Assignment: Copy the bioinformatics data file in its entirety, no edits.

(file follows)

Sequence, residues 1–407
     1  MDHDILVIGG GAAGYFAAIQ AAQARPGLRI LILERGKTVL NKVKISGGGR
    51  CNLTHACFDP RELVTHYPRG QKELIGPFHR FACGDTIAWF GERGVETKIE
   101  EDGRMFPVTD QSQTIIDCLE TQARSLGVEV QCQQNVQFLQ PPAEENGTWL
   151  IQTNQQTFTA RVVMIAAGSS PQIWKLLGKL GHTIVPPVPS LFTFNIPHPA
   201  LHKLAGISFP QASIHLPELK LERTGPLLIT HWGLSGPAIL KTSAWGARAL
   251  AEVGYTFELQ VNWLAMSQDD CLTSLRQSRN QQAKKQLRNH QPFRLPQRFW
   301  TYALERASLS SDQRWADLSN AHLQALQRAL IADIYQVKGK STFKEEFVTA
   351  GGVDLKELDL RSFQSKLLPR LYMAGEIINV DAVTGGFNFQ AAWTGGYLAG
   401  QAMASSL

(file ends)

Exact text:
Sequence, residues 1–407
     1  MDHDILVIGG GAAGYFAAIQ AAQARPGLRI LILERGKTVL NKVKISGGGR
    51  CNLTHACFDP RELVTHYPRG QKELIGPFHR FACGDTIAWF GERGVETKIE
   101  EDGRMFPVTD QSQTIIDCLE TQARSLGVEV QCQQNVQFLQ PPAEENGTWL
   151  IQTNQQTFTA RVVMIAAGSS PQIWKLLGKL GHTIVPPVPS LFTFNIPHPA
   201  LHKLAGISFP QASIHLPELK LERTGPLLIT HWGLSGPAIL KTSAWGARAL
   251  AEVGYTFELQ VNWLAMSQDD CLTSLRQSRN QQAKKQLRNH QPFRLPQRFW
   301  TYALERASLS SDQRWADLSN AHLQALQRAL IADIYQVKGK STFKEEFVTA
   351  GGVDLKELDL RSFQSKLLPR LYMAGEIINV DAVTGGFNFQ AAWTGGYLAG
   401  QAMASSL